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Issue of November 2005 

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Large Enterprise Forum

A ‘service’ frame of mind

Successful IT initiatives require CIOs to streamline their processes and functions, and have IT adopt a service-oriented approach with the business as its customer. by Soutiman Das Gupta

“It is not the strongest of the species that survives, nor the most intelligent, it is the one that is most adaptable to change,” said Charles Darwin. And true enough, in the current business environment which is constantly changing and evolving, any organisation has to keep adapting itself to the current scenario, and be prepared for future shifts.

Amit Chatterjee
Country Sales Manager
HP Software India

In this dynamic business environment, CIOs who treat IT as a service rather than a commodity are those who will be successful in the long run.

Service Management

Mission-critical business processes and the applications that support them are closely entwined. Few executives can perform their work without the support of IT services—whether they directly interact with the applications, or act on the basis of information derived from application services. It is thus necessary for CIOs to move to a system of IT Service Management (ITSM) in order to achieve the objective of delivering IT as a service.

“ITSM is a methodology that helps the IT department to deliver a better customer experience. It is a holistic approach, encompassing people, processes and technologies that deliver IT services,” explains Amit Chatterjee, Country Sales Manager, HP Software, India.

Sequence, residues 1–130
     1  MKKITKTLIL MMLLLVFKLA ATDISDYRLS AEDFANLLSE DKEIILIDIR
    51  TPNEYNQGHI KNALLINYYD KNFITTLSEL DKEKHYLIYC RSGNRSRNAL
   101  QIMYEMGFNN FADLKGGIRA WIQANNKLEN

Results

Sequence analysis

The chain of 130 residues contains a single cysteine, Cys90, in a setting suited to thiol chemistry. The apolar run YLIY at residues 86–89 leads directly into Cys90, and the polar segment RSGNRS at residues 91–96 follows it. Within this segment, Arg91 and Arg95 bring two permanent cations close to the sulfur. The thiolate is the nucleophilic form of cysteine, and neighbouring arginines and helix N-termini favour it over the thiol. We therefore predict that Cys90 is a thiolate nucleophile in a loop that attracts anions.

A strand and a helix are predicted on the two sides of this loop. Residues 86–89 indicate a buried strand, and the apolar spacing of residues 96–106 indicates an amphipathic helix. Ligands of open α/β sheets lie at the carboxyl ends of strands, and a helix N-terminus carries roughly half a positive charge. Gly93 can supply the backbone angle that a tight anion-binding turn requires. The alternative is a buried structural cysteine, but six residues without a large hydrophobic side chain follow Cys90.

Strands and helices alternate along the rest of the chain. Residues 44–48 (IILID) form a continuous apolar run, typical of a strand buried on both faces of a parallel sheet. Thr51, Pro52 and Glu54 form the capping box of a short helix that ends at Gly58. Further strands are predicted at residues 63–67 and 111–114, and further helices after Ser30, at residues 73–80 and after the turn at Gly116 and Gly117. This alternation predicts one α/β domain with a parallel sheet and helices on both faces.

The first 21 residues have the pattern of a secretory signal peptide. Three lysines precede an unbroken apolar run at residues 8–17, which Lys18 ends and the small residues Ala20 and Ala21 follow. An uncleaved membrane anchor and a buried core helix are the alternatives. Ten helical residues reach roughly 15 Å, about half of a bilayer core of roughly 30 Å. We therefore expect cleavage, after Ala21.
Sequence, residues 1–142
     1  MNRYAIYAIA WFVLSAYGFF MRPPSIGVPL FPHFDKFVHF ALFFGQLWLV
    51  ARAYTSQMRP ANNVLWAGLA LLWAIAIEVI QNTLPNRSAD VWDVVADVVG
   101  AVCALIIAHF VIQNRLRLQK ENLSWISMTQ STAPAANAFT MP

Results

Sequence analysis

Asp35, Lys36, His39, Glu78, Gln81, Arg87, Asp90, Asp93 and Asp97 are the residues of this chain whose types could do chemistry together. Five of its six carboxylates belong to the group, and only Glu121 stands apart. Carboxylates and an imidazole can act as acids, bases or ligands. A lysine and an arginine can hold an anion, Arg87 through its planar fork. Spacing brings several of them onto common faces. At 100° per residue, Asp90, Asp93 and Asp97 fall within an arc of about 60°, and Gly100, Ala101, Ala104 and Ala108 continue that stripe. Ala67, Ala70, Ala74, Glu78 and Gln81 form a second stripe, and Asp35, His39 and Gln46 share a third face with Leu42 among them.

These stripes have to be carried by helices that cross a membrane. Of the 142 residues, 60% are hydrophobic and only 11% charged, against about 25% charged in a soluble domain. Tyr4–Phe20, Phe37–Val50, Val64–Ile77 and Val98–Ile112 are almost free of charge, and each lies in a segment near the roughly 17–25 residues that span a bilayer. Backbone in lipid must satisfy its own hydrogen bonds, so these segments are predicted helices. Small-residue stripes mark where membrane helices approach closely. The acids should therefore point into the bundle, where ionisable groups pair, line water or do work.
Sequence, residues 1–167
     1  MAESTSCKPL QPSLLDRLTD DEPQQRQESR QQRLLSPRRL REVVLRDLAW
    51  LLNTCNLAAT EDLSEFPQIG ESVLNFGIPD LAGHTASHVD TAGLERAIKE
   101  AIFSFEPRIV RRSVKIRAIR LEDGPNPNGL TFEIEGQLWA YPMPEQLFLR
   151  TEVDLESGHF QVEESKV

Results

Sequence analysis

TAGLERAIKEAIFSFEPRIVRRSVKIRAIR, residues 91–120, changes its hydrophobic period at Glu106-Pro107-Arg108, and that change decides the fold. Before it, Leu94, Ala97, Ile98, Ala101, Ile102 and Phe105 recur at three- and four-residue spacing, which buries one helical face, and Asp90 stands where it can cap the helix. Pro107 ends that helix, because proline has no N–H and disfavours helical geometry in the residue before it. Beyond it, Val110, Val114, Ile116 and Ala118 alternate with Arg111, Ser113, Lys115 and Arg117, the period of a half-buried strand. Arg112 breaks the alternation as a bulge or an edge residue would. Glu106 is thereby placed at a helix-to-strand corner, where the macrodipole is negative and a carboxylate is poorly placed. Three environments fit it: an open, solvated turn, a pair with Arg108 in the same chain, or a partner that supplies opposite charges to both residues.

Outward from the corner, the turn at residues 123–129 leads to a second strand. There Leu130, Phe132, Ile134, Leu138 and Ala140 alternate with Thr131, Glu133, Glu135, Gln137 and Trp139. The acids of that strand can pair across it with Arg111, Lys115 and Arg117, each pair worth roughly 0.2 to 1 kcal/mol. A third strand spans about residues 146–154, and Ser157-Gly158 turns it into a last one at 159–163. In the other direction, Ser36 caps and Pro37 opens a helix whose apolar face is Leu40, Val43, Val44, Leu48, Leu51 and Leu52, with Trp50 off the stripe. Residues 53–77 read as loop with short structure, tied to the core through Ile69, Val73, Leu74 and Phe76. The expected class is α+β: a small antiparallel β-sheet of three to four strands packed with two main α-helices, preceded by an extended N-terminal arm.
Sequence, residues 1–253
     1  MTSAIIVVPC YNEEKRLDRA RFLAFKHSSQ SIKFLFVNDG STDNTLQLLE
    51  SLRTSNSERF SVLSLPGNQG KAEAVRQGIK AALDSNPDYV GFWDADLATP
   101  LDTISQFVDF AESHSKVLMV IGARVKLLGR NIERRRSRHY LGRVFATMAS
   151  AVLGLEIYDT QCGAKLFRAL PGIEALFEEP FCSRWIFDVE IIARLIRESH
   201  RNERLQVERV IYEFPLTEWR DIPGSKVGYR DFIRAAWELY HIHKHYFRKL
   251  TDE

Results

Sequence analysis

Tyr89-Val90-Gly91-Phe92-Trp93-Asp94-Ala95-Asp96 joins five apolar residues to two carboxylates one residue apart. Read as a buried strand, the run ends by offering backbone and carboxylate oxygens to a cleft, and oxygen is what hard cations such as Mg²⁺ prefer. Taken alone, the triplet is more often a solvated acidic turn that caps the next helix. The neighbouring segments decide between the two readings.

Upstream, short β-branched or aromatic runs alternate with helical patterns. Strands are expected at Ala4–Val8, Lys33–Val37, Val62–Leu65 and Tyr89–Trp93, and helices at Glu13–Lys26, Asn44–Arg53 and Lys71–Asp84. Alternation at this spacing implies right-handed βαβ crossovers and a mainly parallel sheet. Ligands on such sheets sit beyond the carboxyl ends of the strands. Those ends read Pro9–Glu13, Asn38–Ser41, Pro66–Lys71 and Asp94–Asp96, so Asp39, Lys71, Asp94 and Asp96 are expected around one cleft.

The Present Scenario

Bob Hayward
Senior VP & Research Fellow
Gartner Asia-Pacific

“If you look at the IT management process maturity model, most enterprise IT departments are now moving from a reactive to a proactive state. They need to move further up the maturity model into a service-oriented state,” says Bob Hayward, Senior Vice-president & Research Fellow, Gartner Asia-Pacific.

In the proactive state, the IT department’s objectives are to introduce efficiency and effectiveness. The IT operational processes are relatively mature, and the company uses tools that support defined processes.

These processes include incident reporting, operational change, asset management, real-time monitoring, performance management, data warehousing, back-up/recovery and configuration management. In most cases these tools and applications run in silos and are managed in a distributed environment.

The companies have defined process managers in each area, but they still focus inwardly upon individual components rather than on delivery of business-oriented services, process metrics and reporting.

The Service-Focussed Scenario

“In a state where the IT departments are service-focussed, the primary objective is alignment with business. CIOs will aim to bring in service delivery process engineering, and define services to improve service quality,” says Hayward.

The processes will focus on IT service definition and delivery. There will be functions such as activity-based costing, service benchmarking, end-to-end IT service configuration management with policies, and relationship and dependency mapping.

There will be service capacity management based on business demand. Enterprises will be able to provide end-to-end service level reporting, enhanced proactive processes based on business impact, process integration, and automation.